acrylic on canvas
decided to name this painting “Society’s Glitch” as it reflects upon the African-American woman’s experience, specifically those who have darker skin.
African Americans and black people around the world fear of persecution on the daily for being noticed and at the same time they don’t feel noticed enough in regards to proper self representation. •
It was historically preferential to have chosen a lighter skin or even a mixed heritage black woman to represent all black women in the media. Therefore establishing a beauty standard that did not include natural curly/kinky hair textures or darker skin color. The natural black woman was labeled as “too distracting” or “ghetto” for no intelligible reason. So when attempting to blend in with the straight blonde wig, blue eye contacts, and skin bleaching, the dark-skinned black woman was labeled as “crazy” or “whitewashed”. Hated for being herself and hated for trying to blend in, society has for the longest demonstrated its frustration with her existence, unknowledgeable on what to do with her, they’d just prefer to ignore her and pretend as though she doesn’t exist. Out of sight, out of mind.
That is why I’ve decided to pixelate her entire image because we can make out what she is from afar but you cannot see who she is. So you get up close and personal, then you realize you actually don’t really see her at all anymore. You see the hand-painted pixels, and you debate if it’s flawed or intentional but overall once you realize the complexity of the blocks that made her, you reveal the stunning effort of artistic presence. Just as the dark-skinned black woman was/is in the representative media today. Dear melanated woman, you are art 🖤🖤🖤
oil on canvas
This embodies me as a Black and Native American woman. I can go for days talking about the (mis)treatment of ‘mixed-race people’ but I summarized the sensation in an image. Having a double perspective is like a double edge sword. You stand for one side just to offend the other side. Some mixed people will even close one set of their eyes forever in favor of the other, but I cannot. •
I embrace being #afronative and whenever I can I self identify as a Black (Navajo)Native American because I was raised just like that. I grew up in a Native American family and some of us just happened to be black. As a kid, I didn’t know what it meant to be black or native. And the lack of self-representation in the media didn’t help much either. So I had no concept of race or color, regardless I was visibly different, and growing up that meant getting bullied for it. I didn’t understand the pedestal and I will not deny I got favoritism from boys and at jobs I’ve received over the years. I didn’t want to participate in it though, it made me uncomfortable to the point of tears. I feel it’s evil to use my features to get opportunities. I also cannot be insecure about myself out loud because some friends or family might say some very self-bashing things about themselves because some piece of shit made them feel that way. •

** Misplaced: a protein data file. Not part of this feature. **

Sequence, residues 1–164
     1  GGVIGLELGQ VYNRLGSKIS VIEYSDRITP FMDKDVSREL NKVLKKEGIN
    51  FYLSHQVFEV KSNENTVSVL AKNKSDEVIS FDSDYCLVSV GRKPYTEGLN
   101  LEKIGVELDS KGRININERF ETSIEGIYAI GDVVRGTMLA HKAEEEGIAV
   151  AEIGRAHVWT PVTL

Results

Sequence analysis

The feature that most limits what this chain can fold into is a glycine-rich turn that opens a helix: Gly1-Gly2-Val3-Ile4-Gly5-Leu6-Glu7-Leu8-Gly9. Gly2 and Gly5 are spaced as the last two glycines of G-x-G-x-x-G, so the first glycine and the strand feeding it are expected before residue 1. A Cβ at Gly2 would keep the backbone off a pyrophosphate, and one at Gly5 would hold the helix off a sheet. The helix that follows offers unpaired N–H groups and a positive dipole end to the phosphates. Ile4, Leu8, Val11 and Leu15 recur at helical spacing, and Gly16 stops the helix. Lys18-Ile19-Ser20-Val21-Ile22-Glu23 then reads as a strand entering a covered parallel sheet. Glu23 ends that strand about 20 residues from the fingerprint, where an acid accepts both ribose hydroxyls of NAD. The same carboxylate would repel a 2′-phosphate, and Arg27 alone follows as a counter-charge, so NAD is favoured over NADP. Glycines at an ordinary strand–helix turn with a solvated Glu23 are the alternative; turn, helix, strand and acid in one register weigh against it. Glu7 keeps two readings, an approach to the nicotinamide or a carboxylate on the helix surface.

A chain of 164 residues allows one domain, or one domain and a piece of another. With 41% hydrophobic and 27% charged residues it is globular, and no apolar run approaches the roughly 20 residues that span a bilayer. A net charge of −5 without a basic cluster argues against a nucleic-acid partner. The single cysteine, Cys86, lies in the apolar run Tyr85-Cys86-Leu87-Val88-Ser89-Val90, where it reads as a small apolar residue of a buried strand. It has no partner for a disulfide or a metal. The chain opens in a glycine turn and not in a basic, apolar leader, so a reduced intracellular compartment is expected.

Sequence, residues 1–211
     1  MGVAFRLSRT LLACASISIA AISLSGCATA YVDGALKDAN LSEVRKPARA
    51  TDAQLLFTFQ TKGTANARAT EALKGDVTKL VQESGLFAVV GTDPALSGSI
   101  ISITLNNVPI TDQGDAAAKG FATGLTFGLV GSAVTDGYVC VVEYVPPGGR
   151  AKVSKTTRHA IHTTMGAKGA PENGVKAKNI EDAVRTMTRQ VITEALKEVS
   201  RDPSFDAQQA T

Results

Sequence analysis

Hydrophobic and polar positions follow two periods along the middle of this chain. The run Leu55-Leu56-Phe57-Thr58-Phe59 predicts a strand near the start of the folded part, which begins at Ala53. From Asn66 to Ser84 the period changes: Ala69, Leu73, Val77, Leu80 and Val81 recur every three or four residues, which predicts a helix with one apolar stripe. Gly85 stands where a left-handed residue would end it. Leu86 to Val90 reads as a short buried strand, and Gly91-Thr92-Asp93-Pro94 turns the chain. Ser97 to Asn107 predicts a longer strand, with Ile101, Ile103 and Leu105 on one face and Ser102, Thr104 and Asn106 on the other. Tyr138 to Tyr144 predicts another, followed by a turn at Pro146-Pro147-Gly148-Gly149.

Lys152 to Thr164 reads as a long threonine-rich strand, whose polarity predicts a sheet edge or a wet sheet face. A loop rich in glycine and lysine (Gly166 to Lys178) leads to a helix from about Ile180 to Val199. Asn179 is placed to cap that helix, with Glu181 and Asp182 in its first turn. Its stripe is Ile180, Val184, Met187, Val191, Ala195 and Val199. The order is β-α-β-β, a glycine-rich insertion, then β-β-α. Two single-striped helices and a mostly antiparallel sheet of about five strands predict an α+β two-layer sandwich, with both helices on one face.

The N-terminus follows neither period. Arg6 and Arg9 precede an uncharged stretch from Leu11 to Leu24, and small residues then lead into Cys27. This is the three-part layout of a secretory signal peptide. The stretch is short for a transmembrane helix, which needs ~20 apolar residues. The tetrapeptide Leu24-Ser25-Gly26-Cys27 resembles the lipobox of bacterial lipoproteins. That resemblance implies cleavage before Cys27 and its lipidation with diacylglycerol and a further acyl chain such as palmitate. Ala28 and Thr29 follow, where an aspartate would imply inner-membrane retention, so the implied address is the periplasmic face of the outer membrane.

This fuels me to empower. educate, and seek justice for those who have felt the pain of being invisible due to colorism and racism. The problem however is that mixed people are not always welcome to speak on the subject. And when they do speak out on a large platform, their opportunities are cut and the favoritism expires. And even in our own communities, what does a mixed girl have to say about anything anyway? I got told multiple times I’m only a certain amount of what I am, so what I have to say doesn’t count… MY VOICE DOESN’T COUNT. Now I cannot say that I’m entirely invisible, but being in limbo is no paradise.
This piece is strictly dedicated to the brave men and women in my life. Ending an unloved relationship is no easy feat. Inspired by her podcast, Amanda Seales: Small Doses on Spotify, I was able to recognize the repeated behaviors in the lives of these brave individuals and that they were all dealing with a narcissist. Statistically speaking, many people of color we have to cope with our own and/or our significant others’ PTSD, depression, substance abuse, anger management issues, and many other complex mental illnesses.
We want to blame gang affiliation, poor communities, the war on drugs, the industrial-prison complex, toxic-masculinity, colorism, and systematic racism. The strong empathetic people of color will fold like paper towards our significant other to sympathize and try to gain understanding and patience with the pain our people survive. However, it should be noted that if a person continually makes excuses for their unloving and even abusive behavior, just to center things about themselves and their issues, that person is acting in a narcissistic way.
If agreements to protect and defend and love unconditionally are broken when it comes down to addressing their behavior, it is called being gaslighted. Narcissists will control how we felt about ourselves. Usually in a way that ultimately serves them.
Strong individuals who have gone through the process or are going through the mood swings of still trying to make a relationship like this work, this one is for you. Regardless, narcissism isn’t a treatable disorder or mental illness. And as stated in Amanda Seales’ podcast on Narcissism, the difficult thing to do when dealing with one is telling them they’re being narcissistic. A true narcissist will not admit or even know they are a narcissist because every time someone confronts them, they will gaslight.
So the best way to avoid dealing with them is to leave them alone. It is extremely difficult finding out your significant other is a narcissist because of the guilt that comes with leaving them for your own sanity. Sharing a family with them as well can make it extremely difficult. So I salute anyone who has made the choice to leave that toxic situation or is aware of being narcissistic.